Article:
A court with authority to hear defamation and invasion of privacy claims is not ousted of subject matter jurisdiction just because a defendant pleads a religious defense, the Indiana Supreme Court ruled today.
In Rosalyn West v. Betty Wadlington, et al., No. 49S02-1009-CV-509, Rosalyn West filed a suit alleging defamation and invasion of privacy in Marion Superior Court against fellow church members Betty Wadlington and Jeanette Larkins. The City of Indianapolis as Larkins’ employer was also made a defendant after West learned a memo discussing West’s actions at the church was sent to Larkins at her Indianapolis Metropolitan Police Department e-mail address. The memo was forwarded to 89 other people.
Larkins and the city filed a motion to dismiss under Indiana Trial Rule 12(B)(1) for lack of subject matter jurisdiction, arguing under the First and Fourteenth Amendments that any adjudication of the complaint would require entanglement of the church’s politics and doctrine. The trial court granted the motion and dismissed the complaint with prejudice for all the defendants; the Indiana Court of Appeals reversed.
The justices also reversed the trial court, but not for constitutional reasons. Using Brazauskas v. Fort Wayne South Bend Diocese, Inc., 796 N.E.2d 286 (Ind. 2003), as a guide, they held just as with a claim concerning employment disputes, a court that has authority to hear claims of defamation and invasion of privacy isn’t ousted of subject matter jurisdiction merely because a defendant pleads a religious defense. As such, the trial court erred in dismissing West’s complaint on this ground.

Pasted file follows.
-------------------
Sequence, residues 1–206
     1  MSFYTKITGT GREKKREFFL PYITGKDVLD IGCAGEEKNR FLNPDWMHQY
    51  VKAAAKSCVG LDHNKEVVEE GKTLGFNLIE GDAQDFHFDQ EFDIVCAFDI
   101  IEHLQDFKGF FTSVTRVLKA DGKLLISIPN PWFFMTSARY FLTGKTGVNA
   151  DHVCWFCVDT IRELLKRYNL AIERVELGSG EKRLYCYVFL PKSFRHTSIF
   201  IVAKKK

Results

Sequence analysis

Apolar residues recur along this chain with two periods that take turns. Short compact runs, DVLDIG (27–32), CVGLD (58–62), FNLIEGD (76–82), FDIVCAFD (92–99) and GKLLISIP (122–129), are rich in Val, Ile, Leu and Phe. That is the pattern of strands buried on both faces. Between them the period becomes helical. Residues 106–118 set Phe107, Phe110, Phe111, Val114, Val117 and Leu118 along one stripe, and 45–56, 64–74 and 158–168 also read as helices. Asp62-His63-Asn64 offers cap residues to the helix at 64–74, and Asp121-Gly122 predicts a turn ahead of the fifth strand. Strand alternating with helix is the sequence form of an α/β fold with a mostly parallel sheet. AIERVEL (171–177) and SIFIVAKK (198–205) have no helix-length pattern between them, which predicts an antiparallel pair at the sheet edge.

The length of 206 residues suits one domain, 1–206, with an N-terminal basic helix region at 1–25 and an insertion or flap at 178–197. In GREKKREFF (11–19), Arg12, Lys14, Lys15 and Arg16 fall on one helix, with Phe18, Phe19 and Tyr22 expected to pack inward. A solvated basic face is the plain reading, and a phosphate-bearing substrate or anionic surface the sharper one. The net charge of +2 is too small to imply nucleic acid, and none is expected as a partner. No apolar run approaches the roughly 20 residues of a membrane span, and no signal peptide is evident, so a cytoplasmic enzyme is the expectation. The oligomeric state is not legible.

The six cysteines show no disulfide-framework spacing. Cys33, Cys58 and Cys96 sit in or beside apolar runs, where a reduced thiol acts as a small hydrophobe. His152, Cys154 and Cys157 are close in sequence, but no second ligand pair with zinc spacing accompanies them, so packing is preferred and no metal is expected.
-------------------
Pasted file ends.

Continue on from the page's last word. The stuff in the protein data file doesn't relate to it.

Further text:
But this case isn’t ripe for adjudication using a summary judgment standard of review, noted Justice Robert Rucker. When a T.R. 12(B)(6) motion is treated as a motion for summary judgment, the court must allow the parties a reasonable opportunity to present summary judgment materials, and there is nothing in the record to suggest the trial court afforded the parties an opportunity to present T.R. 56 materials in support of or against summary judgment.
“Instead, because the parties treated the Defendants’ motion as one to dismiss for lack of subject matter jurisdiction, the trial court ruled accordingly. As noted above this was error. And on this ground we reverse the judgment of the trial court,” he wrote, remanding the issue for further proceedings.